Growing Seaweed

March 20, 2022
By Damond Benningfield

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A seaweed farm in Zanzibar.
Credit: mattk1979, CC BY-SA 2.0

A recent study says that seaweed grown in farms could be a twofer: It could reduce the pollution in estuaries while producing nutritious food.

Seaweed is grown commercially in some parts of the world, but it’s been slow to catch on in the United States. It’s picking up in some parts of the country, though -- especially Maine and Alaska.

The study was conducted by researchers in the United States and Israel. They developed a model of how large-scale seaweed farms located in estuaries might impact the environment.The model also looked at what economic benefits the farms might yield.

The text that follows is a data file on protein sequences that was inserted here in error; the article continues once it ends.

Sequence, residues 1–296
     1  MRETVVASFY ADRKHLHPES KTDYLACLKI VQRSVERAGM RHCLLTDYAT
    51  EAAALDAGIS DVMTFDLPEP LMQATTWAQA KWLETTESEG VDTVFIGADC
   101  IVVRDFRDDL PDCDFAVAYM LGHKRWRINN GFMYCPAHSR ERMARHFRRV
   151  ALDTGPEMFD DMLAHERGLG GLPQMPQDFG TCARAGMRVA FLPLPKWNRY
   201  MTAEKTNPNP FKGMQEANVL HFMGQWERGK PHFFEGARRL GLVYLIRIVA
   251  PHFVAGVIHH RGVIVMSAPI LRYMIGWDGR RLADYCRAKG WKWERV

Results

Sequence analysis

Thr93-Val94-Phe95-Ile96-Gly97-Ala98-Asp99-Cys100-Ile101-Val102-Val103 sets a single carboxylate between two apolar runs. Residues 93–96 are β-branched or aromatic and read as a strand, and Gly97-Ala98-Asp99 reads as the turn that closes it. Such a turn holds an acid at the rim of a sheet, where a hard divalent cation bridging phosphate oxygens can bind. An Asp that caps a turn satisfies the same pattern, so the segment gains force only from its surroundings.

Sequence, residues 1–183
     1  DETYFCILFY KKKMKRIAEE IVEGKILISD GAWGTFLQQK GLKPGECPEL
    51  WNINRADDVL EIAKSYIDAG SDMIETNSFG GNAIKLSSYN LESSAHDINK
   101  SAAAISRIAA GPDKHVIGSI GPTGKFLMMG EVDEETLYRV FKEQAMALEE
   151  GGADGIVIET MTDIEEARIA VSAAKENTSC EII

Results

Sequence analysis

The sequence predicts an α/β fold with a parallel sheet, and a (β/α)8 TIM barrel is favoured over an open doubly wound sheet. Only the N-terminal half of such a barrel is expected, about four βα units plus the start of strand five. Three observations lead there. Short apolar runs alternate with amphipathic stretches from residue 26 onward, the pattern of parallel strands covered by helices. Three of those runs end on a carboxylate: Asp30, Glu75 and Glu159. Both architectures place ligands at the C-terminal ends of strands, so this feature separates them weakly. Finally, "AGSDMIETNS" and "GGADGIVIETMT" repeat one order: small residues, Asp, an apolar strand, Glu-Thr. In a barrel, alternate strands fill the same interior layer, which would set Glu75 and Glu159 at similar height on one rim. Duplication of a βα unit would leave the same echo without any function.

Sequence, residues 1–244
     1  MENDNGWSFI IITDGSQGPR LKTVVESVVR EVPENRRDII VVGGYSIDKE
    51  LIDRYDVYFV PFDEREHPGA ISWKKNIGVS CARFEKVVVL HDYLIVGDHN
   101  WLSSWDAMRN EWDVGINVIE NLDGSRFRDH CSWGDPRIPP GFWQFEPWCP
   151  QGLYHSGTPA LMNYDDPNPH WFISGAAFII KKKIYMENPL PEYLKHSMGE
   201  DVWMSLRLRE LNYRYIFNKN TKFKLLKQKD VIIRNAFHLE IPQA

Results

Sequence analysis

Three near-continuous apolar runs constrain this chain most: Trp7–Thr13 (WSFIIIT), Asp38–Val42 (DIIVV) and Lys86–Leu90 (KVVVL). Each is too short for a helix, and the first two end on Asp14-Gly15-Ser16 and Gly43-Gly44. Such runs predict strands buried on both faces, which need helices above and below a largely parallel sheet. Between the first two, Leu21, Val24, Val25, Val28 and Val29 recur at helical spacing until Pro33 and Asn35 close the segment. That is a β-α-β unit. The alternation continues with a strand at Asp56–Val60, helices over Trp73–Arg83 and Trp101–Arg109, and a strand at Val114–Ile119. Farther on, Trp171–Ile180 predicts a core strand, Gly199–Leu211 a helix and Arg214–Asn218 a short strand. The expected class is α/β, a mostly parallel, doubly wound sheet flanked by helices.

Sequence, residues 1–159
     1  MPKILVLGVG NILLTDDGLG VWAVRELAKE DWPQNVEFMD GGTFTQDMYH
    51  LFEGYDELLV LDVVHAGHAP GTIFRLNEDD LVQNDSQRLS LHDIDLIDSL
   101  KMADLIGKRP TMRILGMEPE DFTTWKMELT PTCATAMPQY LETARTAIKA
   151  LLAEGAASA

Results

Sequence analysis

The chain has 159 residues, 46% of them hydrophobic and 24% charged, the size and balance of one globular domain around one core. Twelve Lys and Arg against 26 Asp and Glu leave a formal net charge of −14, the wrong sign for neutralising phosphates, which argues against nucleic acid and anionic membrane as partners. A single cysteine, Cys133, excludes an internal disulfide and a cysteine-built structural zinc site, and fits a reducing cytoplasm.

The model simulated different lighting conditions, temperatures, and nutrients to evaluate how the farms would perform in different seasons. The model was checked against a small experiment in which a type of seaweed was grown in an estuary.

The scientists were especially concerned about nitrogen. It’s a key ingredient in fertilizers. When it washes into the oceans, though, it can cause environmental damage, such as red tides and “dead zones” where there’s little or no oxygen in the water.

The model showed that the seaweed was efficient at removing nitrogen from water in an estuary. It could even remove nitrogen from already polluted estuaries, helping to clean them up.

At the same time, the seaweed contains healthy proteins and starches, so it could be sold as food for people or animals. So cleaning up coastal waters also could be an economic engine -- a “twofer” for seaweed farming.